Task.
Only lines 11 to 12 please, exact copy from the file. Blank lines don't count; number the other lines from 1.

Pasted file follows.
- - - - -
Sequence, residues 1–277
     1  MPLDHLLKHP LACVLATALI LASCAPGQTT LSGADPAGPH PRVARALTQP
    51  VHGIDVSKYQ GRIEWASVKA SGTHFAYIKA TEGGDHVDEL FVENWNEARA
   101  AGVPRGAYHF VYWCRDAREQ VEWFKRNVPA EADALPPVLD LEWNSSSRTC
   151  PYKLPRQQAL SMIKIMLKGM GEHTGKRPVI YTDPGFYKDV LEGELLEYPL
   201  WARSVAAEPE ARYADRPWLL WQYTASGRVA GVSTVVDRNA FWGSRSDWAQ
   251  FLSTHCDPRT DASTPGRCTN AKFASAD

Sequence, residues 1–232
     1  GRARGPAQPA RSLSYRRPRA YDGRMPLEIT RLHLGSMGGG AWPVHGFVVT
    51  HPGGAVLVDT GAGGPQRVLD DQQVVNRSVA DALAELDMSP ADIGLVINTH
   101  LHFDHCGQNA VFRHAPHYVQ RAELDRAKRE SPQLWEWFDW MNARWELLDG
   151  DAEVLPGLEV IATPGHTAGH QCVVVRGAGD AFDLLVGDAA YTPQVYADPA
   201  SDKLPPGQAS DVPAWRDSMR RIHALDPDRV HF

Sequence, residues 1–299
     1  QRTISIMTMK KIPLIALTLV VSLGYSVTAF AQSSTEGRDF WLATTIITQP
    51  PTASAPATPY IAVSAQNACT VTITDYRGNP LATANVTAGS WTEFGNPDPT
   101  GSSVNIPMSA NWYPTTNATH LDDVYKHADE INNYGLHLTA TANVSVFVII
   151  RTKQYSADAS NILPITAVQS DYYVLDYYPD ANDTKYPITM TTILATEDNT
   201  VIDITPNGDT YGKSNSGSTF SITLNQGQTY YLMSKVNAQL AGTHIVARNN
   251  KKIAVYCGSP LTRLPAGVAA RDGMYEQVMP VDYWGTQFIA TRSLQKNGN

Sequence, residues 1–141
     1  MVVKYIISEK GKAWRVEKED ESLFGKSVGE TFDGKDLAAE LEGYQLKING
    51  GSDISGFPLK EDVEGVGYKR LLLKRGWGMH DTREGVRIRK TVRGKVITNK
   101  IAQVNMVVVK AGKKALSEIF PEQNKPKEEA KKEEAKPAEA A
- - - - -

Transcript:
   101  LHFDHCGQNA VFRHAPHYVQ RAELDRAKRE SPQLWEWFDW MNARWELLDG
   151  DAEVLPGLEV IATPGHTAGH QCVVVRGAGD AFDLLVGDAA YTPQVYADPA